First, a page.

Players who could dramatically alter each divisional playoff

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Associated Press
Defensive tackles Darnell Dockett and Jay Ratliff could their divisional playoff opponents' worst nightmare.


This is the best weekend of the year. Really, it is.

The best eight teams in the NFL slugging it out over two days? You gotta love it.

Sure, nothing tops the pageantry and finality of the Super Bowl, and conference championship weekend is great, too. But this is our last real NFL smorgasbord for a long, long time, so let's savor it as such, shall we?

This weekend I'm looking for individual breakout players. We've seen time and time again how singular brilliance in January can really carry a team -- think Larry Fitzgerald's unstoppable dominance in the postseason last year -- and if these four divisional playoff games play out as I suspect, certain guys will shine. If this proves to be prescient in any way, then it would mean that players beyond those in the glory positions would get their due.

So with that in mind, let's get started:

Arizona at New Orleans

For as great as Fitzgerald was in the playoffs, and for as potent as the Cardinals' offense was last week, I believe someone playing defense in this game is going to have to make the difference. Points will be scored. Balls will be flying all over the place. But, much like last week's record-setting shootout between the Cardinals and Packers, at some point, likely a very critical point, one defense will make a play that changes everything.

I'm not saying this divisional game will end on another sack/strip/fumble-or-was-it-an-interception? deal like last week. But I also don't rule out this game being settled by a takeaway or defensive score. To that end, I'm shining the spotlight on nose tackle Darnell Dockett.

Dockett's play in the postseason last year mirrored the rise of Fitzgerald's performance, only without as much fanfare. We are talking about a force who can generate three sacks from the nose spot in any given game against top opponents. The best way to disrupt Drew Brees and that quick release is to collapse the pocket from the inside, and Dockett can do that. He's athletic enough to make plays on the ball, and he's adept at getting his hands up and knocking it down. If he has the kind of game I think he might, I like the Cardinals to knock off the NFC's top seed on the road.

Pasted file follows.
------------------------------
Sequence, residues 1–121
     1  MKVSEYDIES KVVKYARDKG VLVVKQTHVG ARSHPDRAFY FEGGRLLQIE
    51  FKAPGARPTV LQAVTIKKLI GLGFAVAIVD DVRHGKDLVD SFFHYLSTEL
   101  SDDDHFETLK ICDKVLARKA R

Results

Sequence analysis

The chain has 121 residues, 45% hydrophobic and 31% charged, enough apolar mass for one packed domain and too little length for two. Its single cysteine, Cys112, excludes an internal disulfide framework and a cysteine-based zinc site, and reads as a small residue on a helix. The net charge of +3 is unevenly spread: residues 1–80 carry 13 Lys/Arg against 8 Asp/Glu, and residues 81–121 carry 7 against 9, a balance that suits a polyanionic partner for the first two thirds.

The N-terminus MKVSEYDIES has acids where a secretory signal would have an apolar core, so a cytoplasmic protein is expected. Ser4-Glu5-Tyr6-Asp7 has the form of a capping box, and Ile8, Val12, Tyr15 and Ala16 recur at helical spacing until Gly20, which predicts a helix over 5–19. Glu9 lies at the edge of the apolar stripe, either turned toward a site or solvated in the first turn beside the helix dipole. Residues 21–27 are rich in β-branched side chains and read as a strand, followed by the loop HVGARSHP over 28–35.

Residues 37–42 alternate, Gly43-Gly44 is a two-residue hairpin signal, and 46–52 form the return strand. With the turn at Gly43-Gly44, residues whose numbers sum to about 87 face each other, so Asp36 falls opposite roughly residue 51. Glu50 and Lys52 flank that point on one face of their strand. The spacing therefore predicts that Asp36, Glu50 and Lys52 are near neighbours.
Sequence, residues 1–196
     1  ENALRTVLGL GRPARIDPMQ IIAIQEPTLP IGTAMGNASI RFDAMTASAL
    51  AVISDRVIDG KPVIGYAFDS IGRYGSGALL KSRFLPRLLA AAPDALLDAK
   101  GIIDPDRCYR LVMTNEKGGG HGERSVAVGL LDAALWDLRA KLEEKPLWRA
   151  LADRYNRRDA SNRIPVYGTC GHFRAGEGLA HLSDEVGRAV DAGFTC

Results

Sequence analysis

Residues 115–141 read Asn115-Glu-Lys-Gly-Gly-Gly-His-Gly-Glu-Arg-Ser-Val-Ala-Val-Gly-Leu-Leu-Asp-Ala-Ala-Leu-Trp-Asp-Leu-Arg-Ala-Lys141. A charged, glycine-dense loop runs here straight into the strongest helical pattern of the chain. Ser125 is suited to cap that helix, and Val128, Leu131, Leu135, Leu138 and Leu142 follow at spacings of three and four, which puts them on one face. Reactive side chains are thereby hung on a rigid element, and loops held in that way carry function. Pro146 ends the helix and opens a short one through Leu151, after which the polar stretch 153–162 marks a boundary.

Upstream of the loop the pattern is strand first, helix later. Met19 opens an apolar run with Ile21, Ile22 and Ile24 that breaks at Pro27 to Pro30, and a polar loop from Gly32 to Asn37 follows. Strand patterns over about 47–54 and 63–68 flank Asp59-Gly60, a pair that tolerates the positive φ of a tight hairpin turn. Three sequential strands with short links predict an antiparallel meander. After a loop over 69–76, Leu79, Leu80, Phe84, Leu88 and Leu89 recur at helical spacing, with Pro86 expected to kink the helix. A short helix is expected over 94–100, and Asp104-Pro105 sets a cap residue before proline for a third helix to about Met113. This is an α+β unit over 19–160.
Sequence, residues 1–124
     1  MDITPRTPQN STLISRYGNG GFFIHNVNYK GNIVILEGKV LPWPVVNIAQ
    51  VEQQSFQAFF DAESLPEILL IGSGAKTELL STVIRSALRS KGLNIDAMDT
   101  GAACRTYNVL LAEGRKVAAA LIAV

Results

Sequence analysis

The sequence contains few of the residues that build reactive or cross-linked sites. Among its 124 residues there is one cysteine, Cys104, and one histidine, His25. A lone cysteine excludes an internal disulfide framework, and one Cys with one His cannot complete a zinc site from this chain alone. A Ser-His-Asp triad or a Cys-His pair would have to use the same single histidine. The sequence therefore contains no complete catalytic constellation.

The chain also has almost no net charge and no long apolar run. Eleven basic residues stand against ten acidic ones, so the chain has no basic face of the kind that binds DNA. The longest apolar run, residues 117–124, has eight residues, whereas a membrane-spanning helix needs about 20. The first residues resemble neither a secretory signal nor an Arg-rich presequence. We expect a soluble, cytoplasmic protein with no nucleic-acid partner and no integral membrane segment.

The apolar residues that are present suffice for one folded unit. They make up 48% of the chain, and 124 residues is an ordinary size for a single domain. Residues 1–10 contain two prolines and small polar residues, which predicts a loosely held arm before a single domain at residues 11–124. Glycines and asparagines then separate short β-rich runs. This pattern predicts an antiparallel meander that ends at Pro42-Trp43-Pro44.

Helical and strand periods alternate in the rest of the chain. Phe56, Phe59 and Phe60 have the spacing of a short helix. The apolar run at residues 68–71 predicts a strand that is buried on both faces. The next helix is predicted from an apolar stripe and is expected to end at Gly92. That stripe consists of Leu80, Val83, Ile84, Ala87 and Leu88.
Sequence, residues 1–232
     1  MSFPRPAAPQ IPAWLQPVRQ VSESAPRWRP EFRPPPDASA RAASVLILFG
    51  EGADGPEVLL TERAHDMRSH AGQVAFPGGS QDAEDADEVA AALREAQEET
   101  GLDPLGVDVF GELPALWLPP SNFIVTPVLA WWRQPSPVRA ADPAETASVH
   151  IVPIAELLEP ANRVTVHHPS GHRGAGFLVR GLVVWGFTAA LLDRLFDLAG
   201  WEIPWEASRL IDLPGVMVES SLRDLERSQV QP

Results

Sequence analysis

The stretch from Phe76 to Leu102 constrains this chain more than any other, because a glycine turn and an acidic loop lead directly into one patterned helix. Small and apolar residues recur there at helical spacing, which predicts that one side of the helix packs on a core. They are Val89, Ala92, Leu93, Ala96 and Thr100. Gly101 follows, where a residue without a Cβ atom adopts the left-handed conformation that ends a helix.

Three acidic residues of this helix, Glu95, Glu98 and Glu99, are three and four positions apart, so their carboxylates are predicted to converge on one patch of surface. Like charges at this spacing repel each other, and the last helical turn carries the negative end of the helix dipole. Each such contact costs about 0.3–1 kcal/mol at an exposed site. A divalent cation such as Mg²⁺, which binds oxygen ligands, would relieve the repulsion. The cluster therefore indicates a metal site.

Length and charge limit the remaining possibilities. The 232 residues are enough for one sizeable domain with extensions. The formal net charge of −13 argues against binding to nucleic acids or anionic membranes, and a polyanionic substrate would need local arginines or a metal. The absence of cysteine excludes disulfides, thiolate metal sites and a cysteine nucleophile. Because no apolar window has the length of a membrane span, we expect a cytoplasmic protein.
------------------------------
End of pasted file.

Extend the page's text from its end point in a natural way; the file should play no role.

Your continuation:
Dallas at Minnesota

I love me some true 3-4, bleep-kicking nose tackles. They are the most underappreciated studs in this sport (guys such as Baltimore's Haloti Ngata and Green Bay's Ryan Pickett leap to mind). Jay Ratliff is as good as they come in the league. Much of the attention goes to what DeMarcus Ware and Anthony Spencer are getting done off the edge, but Ratliff makes this thing go for Dallas.

Ratliff draws so much attention and causes so much havoc, things open up for others. He makes what is a fairly pedestrian secondary look better. And he's facing a Vikings offensive line that was bad for stretches late in the season and does not look comfortable at all having to drop back in pass protection with regularity.

Ratliff is Brett Favre's worst nightmare right now, and I expect the two to see quite a bit of each other on Sunday. The Vikings made a huge mistake, in my estimation, by letting elite center Matt Birk go to Baltimore in free agency, and that error may become most acute this weekend should Minnesota's season end amid a swirl of sacks and passes rushed to the sidelines. I don't see any way the Vikings are equipped to handle Ratliff, Ware and Spencer. Favre is not mobile and even if they max protect and try to go with a heavy dose of Adrian Peterson, I look for Ratliff to shine. Dallas is very stout against the run, and this strikes me as a bad matchup for the Vikings.

Baltimore at Indianapolis

I had a hunch heading into the playoffs that Baltimore could do a lot of damage as a No. 6 seed. For that to happen, however, Terrell Suggs was going to have to perform like he is capable of, and not underachieve like he did for much of the season. Even with Suggs playing at a mundane level, the Ravens boast one of the best defenses in the NFL, the best run defense overall and the top scoring defense in the second half of the season.

But when Suggs is on, they become a downright nasty bunch, one that plays with the swagger and flashes the game-changing plays that have defined Baltimore defenses this decade. He is the one freak-of-nature pass rusher, who can blow you away with speed or size or cunning, and who demands double teams. He changed last week's game against the Patriots for good with a sack/strip that ended up giving the Ravens an early 14-0 lead. If he gets off to a fast start Saturday, and the Ravens are able to play with a lead, then everything falls into place. Joe Flacco doesn't have to do too much, and the power running game can attack a smallish defensive line.

Suggs is that game-changer. Ngata's presence helps a ton, and getting Kelly Gregg back to top form after major surgery is a huge factor as well. But Suggs makes it go. His pressure allows Ed Reed to feast on errant and hurried throws. He opens up holes for Ray Lewis to crush people. He makes life easy for Jarrett Johnson rushing off the opposite side.